In the Winter 2013 edition of Emory Magazine, Emory University President James W. Wagner used the Three-Fifths Compromise as an example of admirable compromise in the framing of the Constitution to justify the University’s decision to eliminate several academic programs. In the weeks that followed, Wagner’s comments sparked campus-wide controversy regarding the racial connotations and the overall racial atmosphere at Emory. Students and faculty responded in writing and in person, voicing opinions ranging from a defense of Wagner’s comments to calls for his resignation. We at the Wheel would like to applaud the respectful and professional manner by which the Emory community has conducted itself.

On Wednesday, the NAACP and Change @ Emory hosted the Rally Against Racism in Asbury Circle. Last week, protesters gathered at the opening of the Southern Christian Leadership Conference’s exhibit in Robert W. Woodruff Library. The Rally Against Racism featured a number of speakers, while protestors at the exhibit protested silently with signs. In both instances, we feel that these protests were well-organized and conducted appropriately.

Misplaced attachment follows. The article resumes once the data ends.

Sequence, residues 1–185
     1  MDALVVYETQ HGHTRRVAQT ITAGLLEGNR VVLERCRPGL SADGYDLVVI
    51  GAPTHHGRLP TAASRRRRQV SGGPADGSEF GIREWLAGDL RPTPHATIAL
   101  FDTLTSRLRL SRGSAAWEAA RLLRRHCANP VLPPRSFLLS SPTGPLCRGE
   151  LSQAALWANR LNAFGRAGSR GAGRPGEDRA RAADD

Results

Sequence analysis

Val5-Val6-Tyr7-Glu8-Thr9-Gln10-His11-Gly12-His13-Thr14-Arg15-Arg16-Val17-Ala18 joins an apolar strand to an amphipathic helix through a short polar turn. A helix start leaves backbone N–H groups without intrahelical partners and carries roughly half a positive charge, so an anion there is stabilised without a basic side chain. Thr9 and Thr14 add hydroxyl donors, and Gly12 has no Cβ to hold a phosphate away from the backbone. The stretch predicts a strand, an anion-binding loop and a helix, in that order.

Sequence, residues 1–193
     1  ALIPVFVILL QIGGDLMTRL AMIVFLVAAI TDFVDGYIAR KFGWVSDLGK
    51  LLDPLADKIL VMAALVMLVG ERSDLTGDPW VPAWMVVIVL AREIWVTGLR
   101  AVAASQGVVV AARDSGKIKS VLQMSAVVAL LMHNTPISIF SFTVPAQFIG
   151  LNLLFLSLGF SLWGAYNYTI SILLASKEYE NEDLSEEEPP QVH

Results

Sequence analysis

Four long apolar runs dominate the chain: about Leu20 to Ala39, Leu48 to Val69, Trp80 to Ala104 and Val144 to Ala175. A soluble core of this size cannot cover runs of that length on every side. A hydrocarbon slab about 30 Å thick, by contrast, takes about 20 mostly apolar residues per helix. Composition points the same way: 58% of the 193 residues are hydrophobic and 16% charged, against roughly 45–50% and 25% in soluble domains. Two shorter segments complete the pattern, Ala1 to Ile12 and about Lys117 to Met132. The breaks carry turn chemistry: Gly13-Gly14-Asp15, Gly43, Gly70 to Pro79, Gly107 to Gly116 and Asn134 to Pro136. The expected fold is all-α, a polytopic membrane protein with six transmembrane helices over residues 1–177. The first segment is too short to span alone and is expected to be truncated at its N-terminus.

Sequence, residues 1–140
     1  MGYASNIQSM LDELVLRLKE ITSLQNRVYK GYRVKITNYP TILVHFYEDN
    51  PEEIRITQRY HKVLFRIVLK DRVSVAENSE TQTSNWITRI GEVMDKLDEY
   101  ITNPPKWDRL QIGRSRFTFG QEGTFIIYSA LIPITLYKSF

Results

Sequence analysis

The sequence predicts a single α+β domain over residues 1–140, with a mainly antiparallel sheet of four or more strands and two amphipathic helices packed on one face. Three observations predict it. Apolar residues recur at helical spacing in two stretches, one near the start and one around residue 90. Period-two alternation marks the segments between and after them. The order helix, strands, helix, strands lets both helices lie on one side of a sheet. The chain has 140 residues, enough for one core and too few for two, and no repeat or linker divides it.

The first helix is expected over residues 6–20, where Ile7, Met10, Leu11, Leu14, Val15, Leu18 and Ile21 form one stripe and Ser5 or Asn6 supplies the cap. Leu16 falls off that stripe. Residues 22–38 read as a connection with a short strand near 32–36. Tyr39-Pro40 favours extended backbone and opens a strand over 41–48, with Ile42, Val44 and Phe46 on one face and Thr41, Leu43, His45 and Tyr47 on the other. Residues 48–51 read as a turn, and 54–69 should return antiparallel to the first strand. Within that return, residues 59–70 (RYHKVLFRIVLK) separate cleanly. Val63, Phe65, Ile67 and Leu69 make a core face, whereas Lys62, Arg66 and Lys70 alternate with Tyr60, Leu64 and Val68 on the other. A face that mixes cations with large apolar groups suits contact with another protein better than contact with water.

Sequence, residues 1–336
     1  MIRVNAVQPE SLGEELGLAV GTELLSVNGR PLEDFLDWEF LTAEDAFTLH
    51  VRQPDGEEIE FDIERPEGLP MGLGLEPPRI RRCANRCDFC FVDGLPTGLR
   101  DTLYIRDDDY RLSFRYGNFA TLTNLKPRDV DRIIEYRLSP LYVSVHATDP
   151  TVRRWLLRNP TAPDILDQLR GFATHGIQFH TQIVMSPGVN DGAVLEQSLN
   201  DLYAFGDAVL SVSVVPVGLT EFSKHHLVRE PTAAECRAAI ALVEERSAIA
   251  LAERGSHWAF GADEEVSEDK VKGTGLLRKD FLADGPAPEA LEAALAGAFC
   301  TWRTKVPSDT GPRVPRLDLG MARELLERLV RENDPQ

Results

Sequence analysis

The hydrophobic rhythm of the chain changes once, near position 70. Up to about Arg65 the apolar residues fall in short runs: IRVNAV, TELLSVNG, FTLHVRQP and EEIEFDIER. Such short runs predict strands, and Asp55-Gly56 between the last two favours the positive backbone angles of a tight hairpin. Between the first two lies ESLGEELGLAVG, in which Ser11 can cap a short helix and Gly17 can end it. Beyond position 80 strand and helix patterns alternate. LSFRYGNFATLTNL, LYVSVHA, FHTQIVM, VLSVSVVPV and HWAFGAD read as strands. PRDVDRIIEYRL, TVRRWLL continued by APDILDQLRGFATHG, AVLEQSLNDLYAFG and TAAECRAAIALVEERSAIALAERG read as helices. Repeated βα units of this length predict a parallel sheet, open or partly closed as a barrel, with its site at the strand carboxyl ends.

Those at the rally succeeded in having a productive, critical discussion of problems at Emory regarding race and minorities. In years past there has been a tendency for large events to foster more riotous, less solution-based movements. Furthermore, we feel that the protest at the SCLC exhibit upheld the spirit of the exhibit itself: silent and peaceful.

We at the Wheel see these two protests as instructive models for the future. We believe that a rally’s effectiveness is based both in attendance and in discourse. That which can be shouted is not necessarily constructive and that which is constructive does not have to be shouted. When those at rallies strike that delicate balance, we believe that they only increase their own credibility and respect.

Furthermore, we congratulate those who have spoken out against issues of race and equality in the recent weeks and sparking what has become a well-reasoned debate around campus. Given the sensitivity of these topics, it is vital that we keep discourse critical and poignant but also respectful. We hope that this trend will continue.

The above staff editorial represents the majority opinion of the Wheel‘s editorial board.